It’s important to wait for these documents to ensure you have proof to show any agencies that demand them in the future (such as an immigration officer).

Another option is to sign up for the E-Verify system (ideal for larger businesses) to quickly check the eligibility of new hires.

Job Application Form

It’s required that applicants apply for a job position using your job application form. This holds true whether they submit a resume or not.

The purpose of the job application is to collect key information about the applicant. This includes their name, contact details, social security number, prior employers, education, and so on.

There are also statements the applicant must sign, stating all information on the form is accurate (to the best of their knowledge) and that you can perform background and reference checks.

The application helps protect employers from potential fraudulent claims from employees. Plus, if you find out later that information on the form is incorrect, you can take action (i.e. firing or suing) against the employee.

Documents for State Withholding and Registration

Now, there are other entities that may want to collect money from your employees (other than the IRS). For example, your employee may have a child support obligation to pay each month.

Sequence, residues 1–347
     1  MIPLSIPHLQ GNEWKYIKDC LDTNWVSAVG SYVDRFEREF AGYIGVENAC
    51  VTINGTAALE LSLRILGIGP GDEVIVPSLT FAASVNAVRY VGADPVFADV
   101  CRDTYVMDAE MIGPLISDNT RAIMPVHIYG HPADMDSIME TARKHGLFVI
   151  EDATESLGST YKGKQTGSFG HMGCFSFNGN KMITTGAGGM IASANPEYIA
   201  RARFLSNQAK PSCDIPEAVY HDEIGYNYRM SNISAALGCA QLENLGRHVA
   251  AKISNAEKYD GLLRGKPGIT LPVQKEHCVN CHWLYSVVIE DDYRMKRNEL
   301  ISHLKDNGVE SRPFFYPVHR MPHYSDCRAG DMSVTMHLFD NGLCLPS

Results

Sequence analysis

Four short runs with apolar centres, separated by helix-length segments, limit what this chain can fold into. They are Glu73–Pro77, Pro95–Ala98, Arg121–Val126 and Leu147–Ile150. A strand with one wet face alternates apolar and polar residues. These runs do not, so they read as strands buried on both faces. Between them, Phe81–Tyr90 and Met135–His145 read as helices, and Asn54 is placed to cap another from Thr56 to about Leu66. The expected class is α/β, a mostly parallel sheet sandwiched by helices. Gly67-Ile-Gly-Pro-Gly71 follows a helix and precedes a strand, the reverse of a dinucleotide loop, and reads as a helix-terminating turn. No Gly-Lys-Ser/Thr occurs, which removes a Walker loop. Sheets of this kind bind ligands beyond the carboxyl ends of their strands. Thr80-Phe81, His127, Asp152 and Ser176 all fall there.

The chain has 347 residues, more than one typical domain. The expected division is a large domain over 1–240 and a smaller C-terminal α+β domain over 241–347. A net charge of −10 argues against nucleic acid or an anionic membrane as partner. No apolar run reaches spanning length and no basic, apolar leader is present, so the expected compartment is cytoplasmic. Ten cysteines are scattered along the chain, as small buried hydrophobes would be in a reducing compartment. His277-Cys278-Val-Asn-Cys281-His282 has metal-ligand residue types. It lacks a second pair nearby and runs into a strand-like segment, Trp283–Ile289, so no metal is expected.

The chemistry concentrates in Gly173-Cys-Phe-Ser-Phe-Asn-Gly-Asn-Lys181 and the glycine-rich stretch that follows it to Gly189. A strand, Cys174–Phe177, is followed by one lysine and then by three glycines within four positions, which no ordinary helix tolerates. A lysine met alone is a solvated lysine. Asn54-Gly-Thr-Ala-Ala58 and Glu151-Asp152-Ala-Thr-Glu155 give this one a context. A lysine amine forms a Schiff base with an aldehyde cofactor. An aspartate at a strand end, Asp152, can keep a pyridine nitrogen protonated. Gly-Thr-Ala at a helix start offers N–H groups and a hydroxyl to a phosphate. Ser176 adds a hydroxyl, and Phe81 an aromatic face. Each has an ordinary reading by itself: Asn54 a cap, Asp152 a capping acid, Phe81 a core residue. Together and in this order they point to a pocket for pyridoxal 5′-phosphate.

In this case, you have to register new employees with the state’s new hire notification system. This will notify state child support agencies and allow them to deduct money from each paycheck.

Then there are some states that collect taxes from employees. In fact, there are 41 states that do so. The exempt states include Florida, Alaska, Nevada, Wyoming, Washington, Texas, South Dakota, and Nevada.

There’s a gray area in how Tennessee and New Hampshire handles state income tax. For instance, Tennessee is on the path to becoming a tax-free state, while New Hampshire doesn’t collect income tax, but does require residents to file a tax return for interest and dividend income over $2,400.

If your state collects income tax, then you’ll have to withhold this from employees’ checks, along with federal taxes.

New Hire Handbook

Again, onboarding should be seamless for all new hires. With an employee handbook, you can ensure all new hires have the information needed to get started working.

This guide can include everything from policies and procedures to tips and tricks for completing their designated tasks. You can even have employees sign the handbook, stating they’ve read it.

In doing so, it’ll become a legally-binding agreement that they read the handbook and understand what’s expected of them.

If you want to do something a bit more modern, you can always opt for a digital tutorial using a platform like Tutorialize.

Creating a Seamless Onboarding Process

Speaking of digital platforms, why not forego the whole “paper” in paperwork and go online. There are platforms you can use like Eversign that allow you to scan or import documents for employees to sign digitally.